4th Avenue bus stop.

In one month, the Alaskan Way Viaduct closes to vehicles as the Washington State Department of Transportation (WSDOT) begins a three week process of connecting SR-99 to its brand spanking new $3.3 billion (and counting) tunnel. Worsening congestion appears inevitable but execution of non-car investment has been lacking, as bike projects, transit projects, and Vision Zero safety projects are delayed.

Today Mayor Jenny Durkan and King County Executive Dow Constantine are holding a 1pm press event at Seacrest Park, which isn’t served by transit at that time of day. They are announcing a new private-public partnership to boost West Seattle shuttle-van-based transit service to get people to the Seacrest Ferry Dock, which is served by the King County Water Taxi on a commuter schedule.

Meanwhile, Move All Seattle Sustainably (MASS) coalition members are charting a path to avoid the worst outcomes as they point out in their press release which is available on their new website. MASS also released a map showing their bus priorities

MASS argues the identified corridors would benefit from rolling out bus lanes as soon as possible to help alleviate the Seattle Squeeze. (MASS)

Katie Wilson, general secretary of the Transit Riders Union, emphasized the urgency needed from City leadership.

“We want to hear a commitment from Mayor Durkan to move forward with these priorities as fast as possible,” Wilson said. “Seattle’s population will continue to climb during and beyond the Seattle Squeeze. We’re never going to escape from this congestion quagmire until we make it far more convenient for people to walk, bike, and ride transit.”

While Mayor Durkan has positioned herself as a climate mayor, MASS members are arguing climate action starts by taking responsibility for Seattle’s number one source of emissions by far: the transportation sector, and working as fast as possible to make it carbon-neutral.

Seattle emissions by sector. (Seattle Climate Action Plan)

“Seattle voted by a wide margin to fight climate change, despite the nearly $35 million oil industry campaign to defeat I-1631,” said Rebecca Monteleone from the Sierra Club. “Seattle is ready for bold action. Fighting climate change means making it easy for people to get around without driving. We expect Mayor Durkan to lead the fight and so do voters.”

“Seattle voters clearly understand that we must take action to reduce carbon emissions, and transportation is the city’s single largest source of carbon emissions,” said Sarah Shifley from 350 Seattle. “Creating a fast and reliable transit system in our city is the first step toward reducing transportation emissions. Mayor Durkan can make this happen.”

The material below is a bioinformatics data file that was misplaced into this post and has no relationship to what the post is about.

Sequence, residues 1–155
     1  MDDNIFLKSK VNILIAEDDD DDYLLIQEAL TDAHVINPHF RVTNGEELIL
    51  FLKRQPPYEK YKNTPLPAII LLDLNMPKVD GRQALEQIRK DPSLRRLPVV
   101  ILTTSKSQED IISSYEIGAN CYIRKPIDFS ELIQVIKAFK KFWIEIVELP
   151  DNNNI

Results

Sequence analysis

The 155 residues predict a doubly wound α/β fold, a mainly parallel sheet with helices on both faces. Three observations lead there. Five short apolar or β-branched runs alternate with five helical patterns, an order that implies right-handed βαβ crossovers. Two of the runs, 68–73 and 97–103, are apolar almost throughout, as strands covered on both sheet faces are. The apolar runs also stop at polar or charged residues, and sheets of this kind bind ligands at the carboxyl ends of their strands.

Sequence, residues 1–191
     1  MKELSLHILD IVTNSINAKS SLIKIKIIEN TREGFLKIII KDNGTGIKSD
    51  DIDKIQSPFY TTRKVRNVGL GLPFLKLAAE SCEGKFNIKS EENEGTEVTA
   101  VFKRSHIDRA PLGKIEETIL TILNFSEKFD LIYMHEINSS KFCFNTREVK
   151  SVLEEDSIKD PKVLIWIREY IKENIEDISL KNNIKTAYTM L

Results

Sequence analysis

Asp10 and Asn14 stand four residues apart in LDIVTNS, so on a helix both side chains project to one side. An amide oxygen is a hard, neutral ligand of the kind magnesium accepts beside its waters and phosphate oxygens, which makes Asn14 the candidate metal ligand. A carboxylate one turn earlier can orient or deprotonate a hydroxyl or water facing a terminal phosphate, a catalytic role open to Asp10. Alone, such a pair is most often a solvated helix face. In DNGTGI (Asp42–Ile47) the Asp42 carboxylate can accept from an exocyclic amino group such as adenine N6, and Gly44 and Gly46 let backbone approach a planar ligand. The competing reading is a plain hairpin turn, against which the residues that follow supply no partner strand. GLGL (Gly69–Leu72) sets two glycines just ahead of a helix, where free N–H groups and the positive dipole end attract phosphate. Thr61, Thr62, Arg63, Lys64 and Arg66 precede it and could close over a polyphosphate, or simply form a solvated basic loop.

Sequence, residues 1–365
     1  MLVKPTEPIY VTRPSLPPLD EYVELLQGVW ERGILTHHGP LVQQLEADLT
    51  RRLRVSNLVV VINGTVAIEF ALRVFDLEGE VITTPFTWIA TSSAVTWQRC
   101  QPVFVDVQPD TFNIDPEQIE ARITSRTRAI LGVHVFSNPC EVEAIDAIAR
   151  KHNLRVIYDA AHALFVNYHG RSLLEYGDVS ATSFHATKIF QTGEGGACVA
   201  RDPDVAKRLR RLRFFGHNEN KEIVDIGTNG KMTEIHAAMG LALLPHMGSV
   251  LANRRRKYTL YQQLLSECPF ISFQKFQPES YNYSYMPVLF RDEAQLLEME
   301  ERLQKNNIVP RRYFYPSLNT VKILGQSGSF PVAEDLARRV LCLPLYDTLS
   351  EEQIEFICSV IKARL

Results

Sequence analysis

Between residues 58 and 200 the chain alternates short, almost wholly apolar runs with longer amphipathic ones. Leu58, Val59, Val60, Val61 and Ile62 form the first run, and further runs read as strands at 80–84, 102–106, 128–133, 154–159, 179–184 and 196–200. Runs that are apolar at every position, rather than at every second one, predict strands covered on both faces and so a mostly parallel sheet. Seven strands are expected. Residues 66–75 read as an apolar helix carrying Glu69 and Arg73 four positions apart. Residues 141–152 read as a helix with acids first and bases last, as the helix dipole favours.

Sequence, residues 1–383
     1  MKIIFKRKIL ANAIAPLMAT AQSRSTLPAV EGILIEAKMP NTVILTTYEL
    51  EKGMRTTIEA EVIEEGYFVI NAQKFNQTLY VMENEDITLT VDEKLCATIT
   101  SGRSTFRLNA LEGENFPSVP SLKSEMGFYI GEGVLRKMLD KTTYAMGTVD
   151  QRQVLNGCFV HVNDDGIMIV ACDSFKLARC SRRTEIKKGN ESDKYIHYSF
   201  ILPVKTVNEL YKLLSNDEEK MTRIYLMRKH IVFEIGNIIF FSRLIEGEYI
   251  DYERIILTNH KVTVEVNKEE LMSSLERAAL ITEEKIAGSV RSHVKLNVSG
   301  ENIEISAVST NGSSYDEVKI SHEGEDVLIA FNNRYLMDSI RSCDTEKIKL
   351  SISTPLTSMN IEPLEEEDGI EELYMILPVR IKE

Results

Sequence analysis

“Here is the thing about emissions; You reduce now or you pay later. And that payment will be in the lives and suffering of hundreds of millions of people,” said Sarah Myhre Ph.D. from Seattle 500 Women Scientists. “Seattle can be a model for cities around the country, but we must start right now.”

Keith Kyle, executive director of Seattle Subway, also mentioned the Mayor’s long-awaited streetcar decision.

“Mayor Durkan needs to demonstrate leadership by prioritizing transit reliability during the period of maximum constraint,” said Kyle. “This is an achievable goal if she extends transit priority on Third Avenue, paints bus lanes ahead of RapidRide implementation, and finalizes the decision to move forward with the Center City Connector Streetcar. Failure by the Mayor’s office to act now will result in an overwhelming majority of downtown commuters stuck in traffic without access to reliable alternatives.”

Even without fancier RapidRide and streetcar upgrades, simply adding bus lanes on our busiest routes is a low hanging fruit that could provide a big lift.

“Bus lanes are the only way to keep transit moving when the rest of the system fails,” said Martin Duke from Seattle Transit Blog. “What we’re proposing for 2019 would be a first step towards a more comprehensive network of bus lanes for Seattle.”

Street geometry and safety is another reason to shift away from just moving more cars faster.

“Seattle is running out of space. Every person biking, walking, or using transit is a person not taking a car,” said Richard Smith, Executive Director of Cascade Bicycle Club. “To lead our city through the challenge at hand, it’s going to take prioritization. It starts with building the approved and funded Basic Bike Network following the timeline laid out by City Council.”

The Basic Bike Network is slowly coming together, but MASS want’s 4th Avenue built as soon as possible and 1st Ave N and Roy St added to the safe network. (MASS)

“8% of people are already walking downtown, and more will do so if we make it comfortable and convenient,” said Clara Cantor from Seattle Neighborhood Greenways. “The City needs to adopt stronger rules on sidewalk closures so that people are not forced to walk in dangerous streets next to speeding cars or resort to unsafe measures. And we need a new policy on pedestrian signals that make it easier to cross the street.”

You can read more from the coalition on the MASS website, follow them on Twitter at @MASScoalition, or follow the great organizations that make up the coalition. 

Editor’s Note: The Urbanist is part of the MASS coalition.

Article Author
Owen Pickford holding a beer, wearing a Sounders shirt in front of a bridge, river and large towers in Tokyo.
Owen Pickford

Owen is a solutions engineer for a software company. He has an amateur interest in urban policy, focusing on housing. His primary mode is a bicycle but isn't ashamed of riding down the hill and taking the bus back up. Feel free to tweet at him: @pickovven.